Farmer’s Market

I went to the farmer’s market this weekend, and had two feminism-related experiences.

First, there was an old dude wearing a “Feminist chicks dig me” shirt.

Dudes think they are soo hi-larious.
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Watch us all laugh.
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.
.

*crickets*

My initial thought was that this shirt must be a dig against feminists, and that those wearing it actually do hate feminist women and want to shame them.

But then I saw that Jessica Valenti gave Stephen Colbert one of these shirts on his show. I honestly do not know what to make of that. See? Feminists actually do like dudes! Look, I gave you this shirt that demeans me– that proves we have a “sense of humor”!
*sigh*

Many of us know dudes who call themselves feminists. The internet is full of them! One of them just joined my book club! (YUCK)

But most of the men who self-identify as feminists do so on the belief that so identifying will bring with it sexual perks. Make her think you give a ‘ish about her rights, and she’ll be sure to let you bone her!

Real pro-feminist men don’t spend their lives bloviating on about how much of a feminist they are. They teach other men, instead of trying to lead women. But these men are rare.

Anyway. My next feminism-related experience came when I saw what I’m calling a princess-off in the middle of the grounds. Yep. There were two adult women dressed up as Disney princesses for the kids. One was Cinderella, and the other was Princess Merida from Brave.


Obviously, one of the princesses is much more feminist-approved.

As you all know, Cinderella teaches young girls that women cannot trust each other, and that the only way to advance in life is to marry your way out of misery by being petite and “beautiful”.

Now, I haven’t seen Brave and therefore can’t fully evaluate its feminist cred, but I have read the wiki on it. Though it seems somewhat problematic in depicting Princess Merida’s relationship with her mother, it does revolve around a young woman’s self-determined choice not to be married against her will. Also, she is an active character that makes things happen, rather than a passive one that receives the action like Cinderella.

What was encouraging about the princess off was that the Brave princess was much more popular with the young girls. They were circled around her, and asked her if they could play with her adult-sized bow-and-arrow. They lined up to shoot the kids bow-and-arrow set that was set up for them. There were young boys there too. Cinderella looked bored and embarrassed in her hoop dress and shiny gloves. Actually, I felt bad for her.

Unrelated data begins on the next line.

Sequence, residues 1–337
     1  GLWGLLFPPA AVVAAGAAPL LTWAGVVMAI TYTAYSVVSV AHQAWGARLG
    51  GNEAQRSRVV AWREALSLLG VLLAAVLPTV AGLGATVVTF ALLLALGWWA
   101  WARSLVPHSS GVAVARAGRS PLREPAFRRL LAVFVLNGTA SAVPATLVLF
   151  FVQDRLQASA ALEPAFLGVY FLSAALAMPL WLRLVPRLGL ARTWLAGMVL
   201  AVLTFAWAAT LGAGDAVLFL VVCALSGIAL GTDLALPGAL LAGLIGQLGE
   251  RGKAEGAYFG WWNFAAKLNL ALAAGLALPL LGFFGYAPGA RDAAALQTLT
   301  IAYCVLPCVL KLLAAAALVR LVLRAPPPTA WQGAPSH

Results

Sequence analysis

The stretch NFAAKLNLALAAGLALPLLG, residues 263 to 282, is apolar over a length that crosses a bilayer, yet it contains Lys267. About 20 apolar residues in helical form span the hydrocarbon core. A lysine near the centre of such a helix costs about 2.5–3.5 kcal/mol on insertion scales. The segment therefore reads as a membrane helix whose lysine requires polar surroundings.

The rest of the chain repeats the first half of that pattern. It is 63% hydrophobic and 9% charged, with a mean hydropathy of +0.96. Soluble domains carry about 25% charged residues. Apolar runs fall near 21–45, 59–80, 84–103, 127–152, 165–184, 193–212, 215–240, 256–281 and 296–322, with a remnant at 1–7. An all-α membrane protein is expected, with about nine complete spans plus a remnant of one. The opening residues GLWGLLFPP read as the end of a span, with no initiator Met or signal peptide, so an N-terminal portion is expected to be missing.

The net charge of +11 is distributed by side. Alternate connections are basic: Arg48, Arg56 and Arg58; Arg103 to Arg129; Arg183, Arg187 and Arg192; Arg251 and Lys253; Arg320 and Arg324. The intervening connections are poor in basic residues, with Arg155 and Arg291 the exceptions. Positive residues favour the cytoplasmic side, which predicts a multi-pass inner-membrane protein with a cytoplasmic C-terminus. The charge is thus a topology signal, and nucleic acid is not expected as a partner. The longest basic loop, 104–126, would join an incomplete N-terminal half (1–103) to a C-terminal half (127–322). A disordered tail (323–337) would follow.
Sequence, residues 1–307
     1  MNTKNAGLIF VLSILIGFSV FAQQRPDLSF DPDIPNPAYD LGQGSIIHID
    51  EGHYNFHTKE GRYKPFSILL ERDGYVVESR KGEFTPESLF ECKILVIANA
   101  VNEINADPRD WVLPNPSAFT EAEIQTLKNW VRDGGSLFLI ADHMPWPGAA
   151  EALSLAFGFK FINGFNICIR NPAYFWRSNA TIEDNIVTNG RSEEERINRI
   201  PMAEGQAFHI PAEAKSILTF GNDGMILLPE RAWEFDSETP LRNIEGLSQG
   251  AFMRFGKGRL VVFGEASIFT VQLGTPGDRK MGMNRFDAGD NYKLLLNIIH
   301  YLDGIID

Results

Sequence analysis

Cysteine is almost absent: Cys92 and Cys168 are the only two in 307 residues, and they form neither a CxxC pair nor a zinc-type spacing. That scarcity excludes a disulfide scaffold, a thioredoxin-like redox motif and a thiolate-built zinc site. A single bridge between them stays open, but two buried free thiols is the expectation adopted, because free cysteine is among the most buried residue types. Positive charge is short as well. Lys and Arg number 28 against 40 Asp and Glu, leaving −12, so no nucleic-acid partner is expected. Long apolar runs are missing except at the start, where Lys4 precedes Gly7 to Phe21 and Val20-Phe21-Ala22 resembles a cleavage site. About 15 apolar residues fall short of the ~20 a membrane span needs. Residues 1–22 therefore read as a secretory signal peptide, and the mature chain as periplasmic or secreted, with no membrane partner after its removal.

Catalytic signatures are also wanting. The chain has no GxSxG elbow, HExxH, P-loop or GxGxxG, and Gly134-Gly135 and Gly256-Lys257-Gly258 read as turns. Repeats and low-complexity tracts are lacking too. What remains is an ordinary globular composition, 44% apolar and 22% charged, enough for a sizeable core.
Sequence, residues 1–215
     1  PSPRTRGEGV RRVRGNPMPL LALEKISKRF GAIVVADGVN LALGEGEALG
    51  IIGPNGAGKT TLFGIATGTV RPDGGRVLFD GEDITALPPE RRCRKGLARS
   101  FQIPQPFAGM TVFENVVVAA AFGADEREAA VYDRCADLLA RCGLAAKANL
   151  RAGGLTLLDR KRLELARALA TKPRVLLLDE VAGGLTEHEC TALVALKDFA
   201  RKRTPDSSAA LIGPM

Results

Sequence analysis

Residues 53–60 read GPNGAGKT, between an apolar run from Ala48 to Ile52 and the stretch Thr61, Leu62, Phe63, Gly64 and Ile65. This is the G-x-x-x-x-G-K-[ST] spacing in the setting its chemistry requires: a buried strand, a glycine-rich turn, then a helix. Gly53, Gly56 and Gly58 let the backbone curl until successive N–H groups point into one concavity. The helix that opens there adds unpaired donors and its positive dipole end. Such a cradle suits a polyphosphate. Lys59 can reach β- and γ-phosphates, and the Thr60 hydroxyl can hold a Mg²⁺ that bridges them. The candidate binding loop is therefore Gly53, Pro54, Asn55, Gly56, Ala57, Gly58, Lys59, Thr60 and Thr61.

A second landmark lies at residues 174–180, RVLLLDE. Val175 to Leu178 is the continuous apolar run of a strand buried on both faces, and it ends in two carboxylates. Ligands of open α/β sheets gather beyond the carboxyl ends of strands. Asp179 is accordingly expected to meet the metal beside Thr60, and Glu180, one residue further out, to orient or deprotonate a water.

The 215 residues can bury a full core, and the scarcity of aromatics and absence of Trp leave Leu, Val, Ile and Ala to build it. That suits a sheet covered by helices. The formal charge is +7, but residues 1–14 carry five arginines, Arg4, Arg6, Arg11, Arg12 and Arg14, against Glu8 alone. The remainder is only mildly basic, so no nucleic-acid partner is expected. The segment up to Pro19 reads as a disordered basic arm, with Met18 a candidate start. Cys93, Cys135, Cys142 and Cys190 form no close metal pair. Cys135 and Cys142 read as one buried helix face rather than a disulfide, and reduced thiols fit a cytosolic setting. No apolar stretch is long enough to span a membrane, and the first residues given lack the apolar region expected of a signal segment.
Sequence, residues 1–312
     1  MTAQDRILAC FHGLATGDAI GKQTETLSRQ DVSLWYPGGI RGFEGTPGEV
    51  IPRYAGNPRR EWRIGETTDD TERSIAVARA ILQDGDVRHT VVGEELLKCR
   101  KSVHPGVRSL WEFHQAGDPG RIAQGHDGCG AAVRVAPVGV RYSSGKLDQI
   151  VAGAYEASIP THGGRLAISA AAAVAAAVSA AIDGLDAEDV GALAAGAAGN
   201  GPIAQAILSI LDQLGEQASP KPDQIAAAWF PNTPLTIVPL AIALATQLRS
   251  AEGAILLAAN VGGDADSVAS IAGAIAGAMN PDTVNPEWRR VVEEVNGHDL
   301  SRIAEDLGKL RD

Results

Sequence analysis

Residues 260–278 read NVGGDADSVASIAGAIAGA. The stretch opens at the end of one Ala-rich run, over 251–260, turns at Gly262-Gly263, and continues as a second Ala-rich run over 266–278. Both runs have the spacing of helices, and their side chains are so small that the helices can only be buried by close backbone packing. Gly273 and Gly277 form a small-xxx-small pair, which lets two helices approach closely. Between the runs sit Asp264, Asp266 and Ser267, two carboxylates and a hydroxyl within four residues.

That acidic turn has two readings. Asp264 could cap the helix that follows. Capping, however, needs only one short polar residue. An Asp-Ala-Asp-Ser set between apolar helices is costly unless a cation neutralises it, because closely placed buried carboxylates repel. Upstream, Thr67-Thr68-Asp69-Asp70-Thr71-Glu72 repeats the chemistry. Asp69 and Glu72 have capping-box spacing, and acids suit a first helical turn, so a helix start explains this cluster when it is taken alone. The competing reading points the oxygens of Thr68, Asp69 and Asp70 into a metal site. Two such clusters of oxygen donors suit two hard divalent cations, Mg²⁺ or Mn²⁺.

The two princesses at the farmer’s market could not have been more different, and the young girls decidedly chose the more active, self-determining, and adventurous option. I found this quite encouraging.

For more feminist analysis of Disney princesses, check out Allecto’s post here. Andrea Dworkin also talks about Cinderella and Sleeping Beauty in Woman Hating. As she says, the moral of fairy tales tells us that, “happiness for a woman is to be passive, victimized, destroyed, or asleep.”

So despite the frustration created by dude’s shirt, I was thrilled to see girls embracing a powerful– if imperfect– female role model. On top of all that, I bough some delicious chomp from local venders. Overall, it was a lovely Sunday.

About smash
Women's liberationist.

6 Responses to Farmer’s Market

  1. “But most of the men who self-identify as feminists do so on the belief that so identifying will bring with it sexual perks. Make her think you give a ‘ish about her rights, and she’ll be sure to let you bone her!”

    SPOT ON. Whenever a man claims to be a feminist, RED FLAGS– he’s trying to get a cookie or get laid. I think “male feminist” is an oxymoron.

  2. MistressofBoogie says:

    Seriously, Brave is great. I really don’t understand how the reviews from feminist viewpoints have derailed this movie. The mother thing is a beautiful – and seriously thought-provoking for both mothers and daughters (well, my daughter anyway) – depiction of the dissonance between a mother’s love for her daughter and her desire to protect her from the workings of the Patriarchy.
    And it isn’t at all hard to understand why girls gravitated to Merida; she is so seriously awesome, even I wanted to be her..!

    • smash says:

      Hey MistressofBoogie, thanks for stopping by! I will definitely see Brave soon. It’s not fair for me to review it based on a wiki. Overall, it is thrilling to see more appropriate role models for our girls in the media.

      • MistressofBoogie says:

        Pleasure to be here! I’m going to do a review of Brave when I can get round to it; I’d be very interested to hear your take on it.

  3. doublevez says:

    don’t know how to contact you. have a request, sent it to CB and Dav also. hope you will help. xxxooo

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